Cowboy Boots vs Lace Up Boots
The biggest difference between cowboy boots and lace up boots, of course, is the dense lacing system in its structure. But that’s not all, though!
I would go for cowboy boots in this regard. Considering the construction of 90% real leather in cowboy boots, there is no doubt that cowboy boots can last more than 10 years with proper care.
In addition, the stitching method used to stitch the parts of the boots together is also said to be more resistant to water and water-based liquids than the modern gluing method.
They don’t come apart easily, so cowboy boots won’t require constant stitching repair. My cowboy boots are more than 5 years old and still in good use. I even just dried them in a well-ventilated place without any other special care.
Lace-up boots obviously have a shorter lifespan than cowboy boots. They are usually made from faux leather or fabrics that are certainly not as durable as real leather.
In addition, having to constantly untie the laces can increase the risk of damage to these components more quickly, prompting you to seek immediate repair. Some lines of lace-up boots that use the gluing method are likely to fall apart faster when exposed to water very often.
Regarding the variety of shapes, I would give lace-up boots 1 point. They come in a million different styles, including monstrous designs with unbelievable cut-outs, as long as they provide a lace system from the top to the vamp of the boots.
In terms of the variety of materials and decorations, cowboy boots are superior. These boots are decorated with embroidered, engraved, touched, or punched patterns (usually western-inspired patterns) all over the boot shaft.
In addition, genuine leather materials such as cowhide, goatskin, or special exotic leathers also make these cowboy boots valuable and impressive.
Protection & Safety
I would give cowboy boots 1 point in this regard due to their mid-calf tough real leather construction. Let me explain!
Most cowboy boots cover all of your feet and legs from mid-calf to above, which means they tend to protect you better from external forces or unexpected splashing. Real leather is also fireproof and does not conduct heat.
Therefore, if you have to work around hot metal environments, you will not be at risk of burns and your boots will not often get deformed. As a result, you will be protected for longer.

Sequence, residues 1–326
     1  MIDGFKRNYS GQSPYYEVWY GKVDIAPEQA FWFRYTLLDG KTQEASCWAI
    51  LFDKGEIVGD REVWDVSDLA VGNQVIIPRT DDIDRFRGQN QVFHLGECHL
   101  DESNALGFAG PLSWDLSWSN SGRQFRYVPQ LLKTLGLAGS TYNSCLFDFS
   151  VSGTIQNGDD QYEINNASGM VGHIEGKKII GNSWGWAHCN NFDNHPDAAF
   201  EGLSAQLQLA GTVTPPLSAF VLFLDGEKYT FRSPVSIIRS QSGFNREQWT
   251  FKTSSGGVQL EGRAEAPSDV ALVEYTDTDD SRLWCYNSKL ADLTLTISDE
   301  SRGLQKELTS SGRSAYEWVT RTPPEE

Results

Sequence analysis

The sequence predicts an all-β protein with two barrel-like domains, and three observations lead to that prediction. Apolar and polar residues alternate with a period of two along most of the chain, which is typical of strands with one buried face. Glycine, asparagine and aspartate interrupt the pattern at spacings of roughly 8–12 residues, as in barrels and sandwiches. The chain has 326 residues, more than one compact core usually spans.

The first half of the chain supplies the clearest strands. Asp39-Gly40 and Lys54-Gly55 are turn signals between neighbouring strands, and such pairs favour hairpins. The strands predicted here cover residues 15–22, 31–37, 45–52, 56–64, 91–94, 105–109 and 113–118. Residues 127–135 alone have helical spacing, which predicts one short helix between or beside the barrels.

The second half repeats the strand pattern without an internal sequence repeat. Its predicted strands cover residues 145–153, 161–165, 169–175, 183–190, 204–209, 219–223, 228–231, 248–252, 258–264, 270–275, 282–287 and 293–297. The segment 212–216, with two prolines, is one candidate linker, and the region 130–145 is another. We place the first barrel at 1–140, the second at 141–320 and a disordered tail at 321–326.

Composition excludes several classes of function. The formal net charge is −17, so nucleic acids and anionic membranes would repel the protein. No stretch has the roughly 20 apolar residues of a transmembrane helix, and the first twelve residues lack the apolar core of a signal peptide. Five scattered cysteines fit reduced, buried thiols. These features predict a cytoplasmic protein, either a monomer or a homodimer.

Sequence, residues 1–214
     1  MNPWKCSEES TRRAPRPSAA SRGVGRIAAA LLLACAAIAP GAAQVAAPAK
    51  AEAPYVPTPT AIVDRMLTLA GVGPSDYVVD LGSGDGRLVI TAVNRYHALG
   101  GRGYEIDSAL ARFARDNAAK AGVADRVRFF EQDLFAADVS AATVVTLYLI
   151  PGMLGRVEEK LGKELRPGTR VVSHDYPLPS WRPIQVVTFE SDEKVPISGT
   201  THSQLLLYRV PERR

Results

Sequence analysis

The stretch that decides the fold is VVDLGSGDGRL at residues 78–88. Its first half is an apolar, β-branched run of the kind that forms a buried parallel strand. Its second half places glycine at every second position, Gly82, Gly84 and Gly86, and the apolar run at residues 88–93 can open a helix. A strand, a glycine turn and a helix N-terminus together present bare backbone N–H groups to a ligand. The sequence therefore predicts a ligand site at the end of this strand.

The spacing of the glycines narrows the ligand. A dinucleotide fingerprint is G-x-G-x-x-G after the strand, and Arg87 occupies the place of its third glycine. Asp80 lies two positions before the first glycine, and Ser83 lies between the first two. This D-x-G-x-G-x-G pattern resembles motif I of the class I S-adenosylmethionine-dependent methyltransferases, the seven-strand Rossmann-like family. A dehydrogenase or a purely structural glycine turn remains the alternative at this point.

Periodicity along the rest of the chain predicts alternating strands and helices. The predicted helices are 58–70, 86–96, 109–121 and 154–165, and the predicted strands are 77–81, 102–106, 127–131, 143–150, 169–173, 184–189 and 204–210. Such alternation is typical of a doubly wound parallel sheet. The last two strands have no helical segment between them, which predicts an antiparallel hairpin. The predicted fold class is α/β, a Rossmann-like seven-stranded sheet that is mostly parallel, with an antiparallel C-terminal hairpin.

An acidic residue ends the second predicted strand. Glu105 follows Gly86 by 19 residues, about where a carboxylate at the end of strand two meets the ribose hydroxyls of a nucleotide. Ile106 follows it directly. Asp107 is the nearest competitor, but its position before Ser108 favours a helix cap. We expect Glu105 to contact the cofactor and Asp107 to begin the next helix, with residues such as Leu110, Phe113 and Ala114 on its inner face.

The majority of lace-up boots are just ankle high or a little above. They are made of faux leather, which can burn and conduct heat. As a result, you will still have the possibility of minor burns from the hot gas and won’t get better protection from the boots.
In addition, dense lace systems may look great in an outing outfit, but they can slip off and cause a fall if the wearer accidentally steps on them.
However, one plus point for lace-up boots is that their rubber soles often come with deep grooves that are excellent for anti-slip. Meanwhile, cowboy boots often send off some sleek leather outsoles, causing wearers to easily slip and fall on slippery and greasy surfaces.
Experiencing lace-up boots is much more enjoyable than wearing most cowboy boots since most cowboy boots will take too long to break in. You often don’t encounter blisters and pain during this process.
The reason is that the faux leather is softer and more supple. They mold to the feet and legs well after just a few walks.
In addition, the dense lace system holds up the feet and legs much better. They don’t make you tirelessly search for different methods to fill the ankle gaps or mid-calf gaps like when wearing cowboy boots.
Thanks to that, they are a good choice to use as a pair of motorcycle boots.
Lace-up boots’ heels and toes do not irritate your feet as much as cowboy boots’ snip toes or cowboy heels. Most lace-up boots come with thick and squared-off heels, reducing pressure on the feet when walking for more than 10 hours a day.
I would give cowboy boots 1 point on this criterion.
I understand that waking up every morning and trying to tighten dozens of shoelaces on lace-up boots before being ready to go to work is a nightmare. In addition, if a lace hole is damaged, it can take a long time to find a repair for your boots.
Lace-up boots are especially troublesome when you start the process of washing, drying, and making them ready to wear.
You would have to remove all the shoelaces that are tens of inches long, wash and dry them, and then reassemble them into the boot structure (I really don’t want to think about this any further).
Cowboy boots work almost like slippers. You simply put your feet up and you are ready to go to work. In addition, cleaning and washing them is also very simple and not really time-consuming.
Below is a visual comparison of the above features between cowboy boots and lace up boots that I’ve stated above.
Protection & Safety
Some last words…
Cowboy boots and lace-up boots have opposite characteristics. If you love American cowboy culture and the elegance of classic cowboy boots, you will be addicted to these boots.
But if you are a fan of young, dynamic, and unique fashion styles, lace-up boots will be more suitable for you. I have both lines of boots in my closet.
I usually wear cowboy boots for work and will go with lace-up boots for picnics with friends and family. I hope you find interesting information in this article.
Howdy y’all, and welcome to From The Guest Room, your ultimate guide to all things Western! I’m Jay Gatz, a lifelong cowboy boot enthusiast with over 5 years of experience in the Western style world. I’m excited to share my knowledge with you and help you discover the perfect cowboy boots and western gear to elevate your style. Let’s explore the rich history and timeless appeal of Western fashion together!